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Takes the stress off your deltoids and vertebrae, and transfers it across your trapezius to reduce risk of injury. Maximizes mass-building potential. Snaps into bar to keep it centered on every set. Provides a stronger connection than foam barbell pad. Makes the bar very stable on your back.
Will not fit an EZ Bar. Takes time to get used to the feeling on your back.
Designed to fit 2-inch Olympic-size bars perfectly. Hook-and-loop closure. Made of top-grade 3/4-inch dense foam for optimal support. Retains its shape; won't flatten easily. Several designs available. Won't absorb moisture – stays on surface for wiping. Comfortable indentation for neck.
May not fit larger bars well.
Made from high-density, thick foam rubber. Helps absorb shock. Easy installation – just slip the bar pad onto the bar. Anti-slip matte finish reduces slip risk. Comes in a variety of colors. Great for hip thrusts. Helps protect the knees and shoulders.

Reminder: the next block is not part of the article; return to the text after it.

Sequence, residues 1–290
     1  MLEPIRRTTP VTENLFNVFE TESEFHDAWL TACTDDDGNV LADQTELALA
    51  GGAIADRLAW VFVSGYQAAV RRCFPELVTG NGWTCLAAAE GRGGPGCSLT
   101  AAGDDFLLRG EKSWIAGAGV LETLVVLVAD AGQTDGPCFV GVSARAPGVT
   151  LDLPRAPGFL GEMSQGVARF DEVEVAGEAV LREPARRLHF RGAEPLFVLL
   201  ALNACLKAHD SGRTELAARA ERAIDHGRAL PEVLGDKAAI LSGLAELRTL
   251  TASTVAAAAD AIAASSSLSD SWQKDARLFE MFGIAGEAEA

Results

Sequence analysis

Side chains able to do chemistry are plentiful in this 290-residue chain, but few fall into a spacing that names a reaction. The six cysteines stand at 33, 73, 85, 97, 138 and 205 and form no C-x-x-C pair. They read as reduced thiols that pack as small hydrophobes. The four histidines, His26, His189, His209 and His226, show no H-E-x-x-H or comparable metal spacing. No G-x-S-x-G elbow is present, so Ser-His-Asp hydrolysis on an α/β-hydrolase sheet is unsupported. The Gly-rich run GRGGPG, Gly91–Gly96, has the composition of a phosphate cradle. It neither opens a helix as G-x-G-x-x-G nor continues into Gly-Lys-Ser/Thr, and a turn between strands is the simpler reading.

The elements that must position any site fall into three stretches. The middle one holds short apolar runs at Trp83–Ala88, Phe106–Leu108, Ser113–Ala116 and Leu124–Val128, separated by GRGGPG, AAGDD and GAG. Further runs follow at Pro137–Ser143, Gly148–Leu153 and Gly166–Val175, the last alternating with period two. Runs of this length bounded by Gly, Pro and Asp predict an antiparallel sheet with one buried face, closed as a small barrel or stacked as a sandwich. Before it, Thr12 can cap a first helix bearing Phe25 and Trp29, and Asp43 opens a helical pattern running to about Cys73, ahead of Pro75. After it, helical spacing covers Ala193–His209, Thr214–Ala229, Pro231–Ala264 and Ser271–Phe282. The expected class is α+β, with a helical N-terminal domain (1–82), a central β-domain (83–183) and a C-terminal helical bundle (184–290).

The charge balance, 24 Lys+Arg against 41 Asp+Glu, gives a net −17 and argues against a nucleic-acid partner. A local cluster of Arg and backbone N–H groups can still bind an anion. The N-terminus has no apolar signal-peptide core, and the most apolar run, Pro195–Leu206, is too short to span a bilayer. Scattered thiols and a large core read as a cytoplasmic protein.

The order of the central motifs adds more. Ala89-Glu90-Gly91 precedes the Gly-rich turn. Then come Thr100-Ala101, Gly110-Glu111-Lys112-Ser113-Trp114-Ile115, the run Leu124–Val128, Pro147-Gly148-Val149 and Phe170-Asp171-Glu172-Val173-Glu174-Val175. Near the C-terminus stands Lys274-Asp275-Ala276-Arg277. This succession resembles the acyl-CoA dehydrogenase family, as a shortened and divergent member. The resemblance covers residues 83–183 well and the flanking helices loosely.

Be careful to keep the slit on the top, or your shoulders can knock it off the bar.
Made of thick, non-slip rubber foam. Absorbs all impacts and reduces workout pain. Possesses a curved design to fit your neck. Will not slip or fall off. Lightweight and easy to carry. Easy to put on and remove from the bar.
Some users wish that the straps were attached for easier quick release and attachment.
Easy to slide on and off when needed while also maintaining a grip on the bar during hip thrusts and squats. The foam padding does a great job of supporting shoulders without losing its shape during high-intensity workouts. Small and light enough to fit in most gym bags.
May not be wide enough for some users.
We recommend these products based on an intensive research process that's designed to cut through the noise and find the top products in this space. Guided by experts, we spend hours looking into the factors that matter, to bring you these selections.